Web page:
One hundred years ago today (April 14, 1912) at 11:40pm, RMS Titanic struck an iceberg approximately 400 miles off the coast of Newfoundland. According to Philip R. Devlin (LedyardPatch), the ice that made up the berg was between 3,000 and 6,000 years old.
Of the approximately 2,200 passengers and crew aboard the Titanic, less than half survived. There were only 20 lifeboats aboard the White Star Line luxury ship, enough to carry half those onboard, but even these were not filled to capacity. When the liner Carpathia reached the disaster site the next day, it only transported 705 survivors to New York City, meaning approximately 1,500 tragically died.<!- mfunc feat_school ->
The Titanic’s sinking prompted immediate action from countries that share the North Atlantic. By 1913, the U.S. Coast Guard formulated the International Ice Patrol (IIP), which is currently based out of USCG’s Research and Development Centre in New London Connecticut, approximately 375 nautical miles from where the Titanic sank. From beginning of February to the end of July (ice season), the IIP patrols the oceans surrounding the Grand Banks region of Newfoundland to monitor iceberg activity and send out daily reports and broadcasts to warn ships of impending danger.
“No vessel that has heeded the Ice Patrol’s published iceberg limit has collided with an iceberg,” reads the IIP’s homepage. The IIP’s success rate is credited to its collaboration with merchant ships, Canadian Coast Guard ships, aerial reconnaissance conducted by Provincial Aerospace Limited and the Canadian Ice Service, U.S. Coast Guard aircrafts and buoy systems and satellite data. (The Canadian Ice Service also monitors the waters during the off season). All data and information are entered into computer model at the IIP Operations Centre to be efficiently fed out to all marine traffic.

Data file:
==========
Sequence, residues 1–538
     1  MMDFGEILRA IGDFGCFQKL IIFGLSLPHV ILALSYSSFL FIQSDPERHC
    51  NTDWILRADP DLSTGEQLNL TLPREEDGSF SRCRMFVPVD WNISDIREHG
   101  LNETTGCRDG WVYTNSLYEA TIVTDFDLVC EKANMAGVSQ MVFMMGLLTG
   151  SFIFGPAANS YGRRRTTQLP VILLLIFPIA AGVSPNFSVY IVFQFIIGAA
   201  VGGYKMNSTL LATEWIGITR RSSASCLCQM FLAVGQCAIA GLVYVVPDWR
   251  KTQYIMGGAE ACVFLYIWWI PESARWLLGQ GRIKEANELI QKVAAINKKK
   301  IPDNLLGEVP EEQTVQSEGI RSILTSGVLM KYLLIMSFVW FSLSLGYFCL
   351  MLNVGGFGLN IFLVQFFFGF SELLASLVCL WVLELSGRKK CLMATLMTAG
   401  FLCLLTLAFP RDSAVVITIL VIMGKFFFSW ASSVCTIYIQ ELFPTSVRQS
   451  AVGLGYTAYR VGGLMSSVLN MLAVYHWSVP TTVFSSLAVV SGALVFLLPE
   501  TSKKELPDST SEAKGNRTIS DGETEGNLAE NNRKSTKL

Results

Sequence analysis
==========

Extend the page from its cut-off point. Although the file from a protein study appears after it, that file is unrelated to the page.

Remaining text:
According to IIP’s predicted and actual data for 1900-2011, the average number of icebergs to pass below the 48°N parallel is 474/year with April and May generally being the most active months. The numbers vary quite widely from year to year. For example, in 2011 only three icebergs were sighted versus the 1,204 in 2009.
Since 1923, the IIP has annually dropped two to three memorial wreaths around the site where the Titanic sank. This year, over the next two days, the International Ice Patrol will drop ten wreaths to mark the 100-year anniversary of this forever remembered marine tragedy.